This entire scene is staged as part of the Shattered Dreams program, a two day accident and funeral simulation designed to increase awareness of the possible effects of distracted driving among teens. It is a powerful program, but I’m not going to outline it here because a lot of the impact is lost when everyone in the audience knows what is going to happen next. I will, however, share a few details about why this program is so important. According to the National Highway Traffic Safety Administration, in 2015:
Distraction.gov, the official US Government website for Distracted Driving, reports:
These statistics are sobering, which is why our school participated in the Shattered Dreams program. We care for our students and don’t want to see their lives ended before they have a chance to begin.
This year, as students participate in Red Ribbon Week activities across America, please take a moment to really let the magnitude of this situation sink in. It only takes five seconds to cross a football field at 55 miles per hour. Looking down for even a moment can potentially end a life. Please don’t let it be yours.
For more information, check out the following link:
You’ve done it. You’ve put in the grueling effort, the rear-end numbing hours, the family-alienating dedication. You’ve studied your craft, honed your technique, and parsed your rough draft until you have a final product worthy of public consumption. You have written a book / short story / poem / screenplay and have decided to publish traditionally, and you are looking for an agent and / or an editor to represent you.
There’s just one problem: most editors, and a lot of agents, are not accepting unsolicited manuscripts. So how do you get your finished product in front of someone who has the power and resources to publish and distribute your work?
There are two very good ways. The first is to get the most current copy of the Novel and Short Story Market (or whatever version of the Market fits your work–there are several), produced by Writer’s Digest (you can get it from the Writer’s Digest website, or from most bookstores). That book is a comprehensive list of which agents and editors are searching for clients, what they represent, and how to contact them. It also contains essays that discuss current publishing guidelines and how to prepare your manuscript for submission, and a section listing contests for the current year. Everything I learned about how to submit my work for publication, I learned from these Manuals.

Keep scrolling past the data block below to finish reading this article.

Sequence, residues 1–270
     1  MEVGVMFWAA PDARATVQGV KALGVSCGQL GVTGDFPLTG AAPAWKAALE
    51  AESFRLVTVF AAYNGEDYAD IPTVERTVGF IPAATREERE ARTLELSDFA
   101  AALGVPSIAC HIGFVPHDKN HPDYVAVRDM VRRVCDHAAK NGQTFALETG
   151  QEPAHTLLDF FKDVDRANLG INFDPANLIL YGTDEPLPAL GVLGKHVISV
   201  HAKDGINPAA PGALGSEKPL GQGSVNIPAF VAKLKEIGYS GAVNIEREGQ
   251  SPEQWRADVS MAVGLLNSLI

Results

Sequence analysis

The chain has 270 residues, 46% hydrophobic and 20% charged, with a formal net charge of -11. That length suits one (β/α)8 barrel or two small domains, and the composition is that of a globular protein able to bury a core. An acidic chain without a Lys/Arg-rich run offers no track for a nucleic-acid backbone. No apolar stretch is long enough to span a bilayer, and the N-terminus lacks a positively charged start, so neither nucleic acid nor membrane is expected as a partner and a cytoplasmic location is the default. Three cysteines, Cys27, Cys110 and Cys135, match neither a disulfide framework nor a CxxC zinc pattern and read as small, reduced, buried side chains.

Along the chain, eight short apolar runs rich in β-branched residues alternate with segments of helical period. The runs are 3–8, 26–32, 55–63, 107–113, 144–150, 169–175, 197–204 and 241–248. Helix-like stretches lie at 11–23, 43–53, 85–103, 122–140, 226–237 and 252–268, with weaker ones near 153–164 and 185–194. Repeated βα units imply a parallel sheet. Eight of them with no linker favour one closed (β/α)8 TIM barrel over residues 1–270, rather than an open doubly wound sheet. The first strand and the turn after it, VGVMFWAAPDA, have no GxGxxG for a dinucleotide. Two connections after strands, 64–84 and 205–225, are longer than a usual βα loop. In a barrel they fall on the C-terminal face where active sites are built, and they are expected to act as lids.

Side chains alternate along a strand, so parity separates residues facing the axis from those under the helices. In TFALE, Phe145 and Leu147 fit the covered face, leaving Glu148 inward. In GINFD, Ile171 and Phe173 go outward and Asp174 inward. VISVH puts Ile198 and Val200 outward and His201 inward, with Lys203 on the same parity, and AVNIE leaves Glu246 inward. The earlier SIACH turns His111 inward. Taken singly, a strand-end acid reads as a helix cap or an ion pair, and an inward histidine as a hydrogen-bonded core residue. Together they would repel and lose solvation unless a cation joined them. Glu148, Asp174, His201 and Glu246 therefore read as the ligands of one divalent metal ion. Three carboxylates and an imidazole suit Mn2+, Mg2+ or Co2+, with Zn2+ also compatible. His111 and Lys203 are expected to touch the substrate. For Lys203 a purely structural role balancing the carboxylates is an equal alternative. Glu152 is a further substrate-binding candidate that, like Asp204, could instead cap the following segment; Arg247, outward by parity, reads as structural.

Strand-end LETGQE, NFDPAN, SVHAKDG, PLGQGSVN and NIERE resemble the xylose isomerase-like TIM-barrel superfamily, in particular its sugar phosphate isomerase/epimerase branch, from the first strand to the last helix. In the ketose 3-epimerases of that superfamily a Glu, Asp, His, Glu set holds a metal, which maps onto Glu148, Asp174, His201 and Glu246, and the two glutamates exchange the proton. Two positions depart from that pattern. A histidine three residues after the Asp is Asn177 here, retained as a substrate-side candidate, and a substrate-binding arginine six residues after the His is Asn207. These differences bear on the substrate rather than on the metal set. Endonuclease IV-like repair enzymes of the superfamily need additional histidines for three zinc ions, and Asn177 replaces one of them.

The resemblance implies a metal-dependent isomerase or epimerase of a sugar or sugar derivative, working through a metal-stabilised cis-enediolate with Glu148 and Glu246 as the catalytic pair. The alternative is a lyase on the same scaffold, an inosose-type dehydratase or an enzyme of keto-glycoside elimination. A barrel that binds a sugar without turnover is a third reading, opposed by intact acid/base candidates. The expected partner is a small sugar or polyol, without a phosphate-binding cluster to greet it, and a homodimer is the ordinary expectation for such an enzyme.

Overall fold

The second way is to go to writer’s conferences and make a pitch appointment with an agent / editor you want to represent you. You can also have a portion of your work critiqued by an industry professional at most of these conferences. The best thing about the whole conference experience, however, is the people you get to meet. If it’s truly not what you know but who, then conferences are the way to meet the whos. Conferences can be expensive, but they are well worth the cost. Consider them a well-made investment in your future.
A few miscellaneous details to make your efforts more successful:
Now it’s your turn. What other questions do you have? Are there any pointers that I should add? I’d love to hear from you in the comments below. Happy writing!Read More
I met my second fan at a book signing yesterday (see the dedication in The Healer’s Rune to discover why second and not first). His first name is Phillip; his last name I withhold to maintain his privacy.
I was running late (my GPS had originally marked my destination as an empty field), and I was distracted by setting up my books while signing them (I have Lupus, and the exertion of carrying in and setting up my table and books left me winded). Fanning myself with a few of my bookmarks, I saw him standing off to the side, a copy of my book in his hands. Still a titch breathless, I politely remarked that he could purchase my book from me because it was not stocked by the bookstore. Phillip just as politely told me he had already bought the book and enjoyed it.
That’s when I realized he was not there to buy the book but to meet me. He had already read my story and enjoyed it so much that, when he learned I was coming to a bookstore near him, he was motivated to come and connect with me.
The moment suddenly became profound, and I did my best to honor it as such. Still fanning myself, still slightly breathless, I engaged Phillip in a conversation about the only common ground we had: my book. Imagining how I would feel to see Tad Williams or Neil Gaiman, or any of the other authors I admire (had I the access and the courage), I talked with Phillip unill I ran out of ideas and then asked if I could sign his copy of the book.
He said yes. With sweat beading down my neck, I wrote a personal note on the title page in purple Sharpie, signed it, and thanked Phillip for coming.
As I reflected upon this event last night, I realized that I should have asked him to take a picture with me, and I wished I had found a way to make the moment longer, to honor it more for what it was.
My debut novel is not quite six months old, yet it has touched someone deeply enough that he came to meet me. It is, for a writer, a moment of remarkable profundity. It is why I write–to give back to one of the most influential forces in my life by touching readers the way other authors have touched me.
Thank you, Phillip, for coming to see me yesterday. If you don’t mind, will you please send a picture of you with my book to my email address at Lauricia.Matuska@gmail.com? I’ll put it with this post.
To the rest of you who have enjoyed / are enjoying The Healer’s Rune, I hope to meet you someday, as well. Remind me to take a picture!Read More
I am currently in the process of learning how to be THAT author who visits local schools, but I have no idea how to do it. If you, like me, share this passion and if you, like me, also don’t know what you’re doing, then have I got a blog post for you! Check out my resources page for How to Host an Author Visit to find links to instructional websites that I found helpful. If you know of any other useful resources on this topic, please reply in the comments.
As a shameless plug, if you are a school librarian or administrator in the Houston area and would like to have me present in your school, send an email to me at Lauricia.Matuska@gmail.com. I’m available to speak for Career Day, Library Day, Young Author Round Tables, and Creative Writing Skills workshops.Read More